It couldn’t be easier to spot the lower zone expansion. For the most part, the upper areas have remained fairly consistent. There have been some slight drops, as more and more catchers have set up low. Pitchers have targeted low, and the zone has cooperated. If you follow the Low 1 box, you see a steady increase, until 2016. If you follow the Low 2 box, it’s the same story. And the Low 3 box is also the same story, excepting that weird little dip in 2009. The zone got lower, and lower, and lower still. It’s still quite low, relative to where it was at the beginning of the PITCHf/x era, but it looks like the trend has been stopped, and even partially reversed. The zone looks more like it did in 2014, instead of 2015 or worse. It’s something.

If you want a little more detail, those same FanGraphs displays offer the opportunity. These plots are the same as the plots above, except the numbers are broken down into more areas. Again, 2015 on the left, 2016 on the right:

called-strikes-2015-2016-10-by-10

The biggest movement is low. It’s still subtle, and nothing you’d notice in any given individual game, but the numbers are the numbers and the samples aren’t so small anymore. To keep breaking it down, here are the plots for right-handed hitters:

called-strikes-righties

You see dips low, and mostly low and away. For left-handed hitters:

called-strikes-lefties

It’s the same, but reversed. Fewer called strikes low, and in particular low and away. That works to a hitter’s benefit: The most difficult area to hit is low and away, so when those pitches are called balls instead of strikes, the hitter gets a breather and another opportunity for something to smash. If you think about it, as we consider reasons for why offense is up, it seems like it’s mostly about the home run. And that focuses attention on the baseball itself. But the different strike zone probably hasn’t not helped. It would be a little factor, but it’s something.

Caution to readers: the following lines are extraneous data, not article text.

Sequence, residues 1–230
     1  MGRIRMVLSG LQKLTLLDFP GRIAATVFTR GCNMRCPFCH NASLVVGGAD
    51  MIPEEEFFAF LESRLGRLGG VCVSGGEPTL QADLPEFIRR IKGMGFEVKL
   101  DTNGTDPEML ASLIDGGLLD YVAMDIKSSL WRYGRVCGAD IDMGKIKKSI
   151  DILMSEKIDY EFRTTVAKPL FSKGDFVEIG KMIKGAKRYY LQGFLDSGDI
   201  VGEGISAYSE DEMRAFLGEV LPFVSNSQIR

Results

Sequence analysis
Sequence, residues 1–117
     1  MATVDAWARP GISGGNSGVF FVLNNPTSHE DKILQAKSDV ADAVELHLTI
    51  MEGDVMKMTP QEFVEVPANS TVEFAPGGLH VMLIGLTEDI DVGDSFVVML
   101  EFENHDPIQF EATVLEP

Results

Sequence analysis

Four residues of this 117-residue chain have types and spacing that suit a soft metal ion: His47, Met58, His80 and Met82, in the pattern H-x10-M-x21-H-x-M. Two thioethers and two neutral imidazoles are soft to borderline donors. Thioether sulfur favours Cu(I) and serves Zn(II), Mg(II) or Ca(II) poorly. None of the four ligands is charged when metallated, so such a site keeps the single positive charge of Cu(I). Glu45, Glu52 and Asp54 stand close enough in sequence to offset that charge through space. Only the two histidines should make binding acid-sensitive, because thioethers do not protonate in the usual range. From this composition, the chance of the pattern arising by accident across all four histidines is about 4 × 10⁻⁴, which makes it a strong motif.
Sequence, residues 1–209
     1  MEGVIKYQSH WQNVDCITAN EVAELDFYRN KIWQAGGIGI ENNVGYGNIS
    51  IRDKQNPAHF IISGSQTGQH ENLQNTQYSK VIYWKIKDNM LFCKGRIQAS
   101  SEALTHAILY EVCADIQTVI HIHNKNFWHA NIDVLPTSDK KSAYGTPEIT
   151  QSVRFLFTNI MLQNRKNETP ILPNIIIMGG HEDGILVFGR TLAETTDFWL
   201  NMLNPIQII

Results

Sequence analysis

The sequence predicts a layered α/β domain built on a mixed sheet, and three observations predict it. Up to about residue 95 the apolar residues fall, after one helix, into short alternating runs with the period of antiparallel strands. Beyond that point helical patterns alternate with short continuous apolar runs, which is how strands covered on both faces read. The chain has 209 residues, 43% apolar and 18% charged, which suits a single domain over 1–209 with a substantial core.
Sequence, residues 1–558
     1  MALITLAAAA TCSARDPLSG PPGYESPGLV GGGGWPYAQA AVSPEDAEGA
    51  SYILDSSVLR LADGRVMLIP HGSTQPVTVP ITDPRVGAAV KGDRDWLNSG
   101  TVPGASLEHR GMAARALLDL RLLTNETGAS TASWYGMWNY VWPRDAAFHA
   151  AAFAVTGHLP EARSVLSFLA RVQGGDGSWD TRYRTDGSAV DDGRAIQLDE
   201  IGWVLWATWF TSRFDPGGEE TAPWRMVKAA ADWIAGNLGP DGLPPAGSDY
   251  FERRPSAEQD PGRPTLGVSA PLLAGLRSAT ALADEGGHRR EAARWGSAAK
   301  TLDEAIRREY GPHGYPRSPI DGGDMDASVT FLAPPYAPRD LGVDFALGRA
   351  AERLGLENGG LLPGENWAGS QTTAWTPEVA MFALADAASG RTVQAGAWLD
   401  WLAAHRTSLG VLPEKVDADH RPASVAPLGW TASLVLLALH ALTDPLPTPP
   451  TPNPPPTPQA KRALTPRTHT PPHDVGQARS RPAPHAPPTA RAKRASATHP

It’s hard to know exactly how to explain this, but fortunately, my job doesn’t depend on that. And Lindbergh and Arthur (and Roegele!) are the exhaustive researchers, not me. I’m more of the observational type, and what I’m observing is that the strike zone has gotten a little smaller this season, mostly because of pitches down. That’s notable because we hadn’t seen the zone get smaller before. It breaks what had been a powerful trend. Maybe the game is working with slightly different umpiring crews, drawing more from Triple-A. Maybe catchers, for some reason, are setting higher targets. Most probably, this is a response to the sinking zone getting so much attention. With all the talk about raising the lower boundary, it only makes sense that could worm its way into umpiring minds. Next year, we could have an official strike-zone rule change. This year, we’re getting a bit of a sneak preview.





Jeff made Lookout Landing a thing, but he does not still write there about the Mariners. He does write here, sometimes about the Mariners, but usually not.

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trenkes
6 years ago

Yes, but how much of this can be attributed to Dioner Navarro getting starting catcher innings??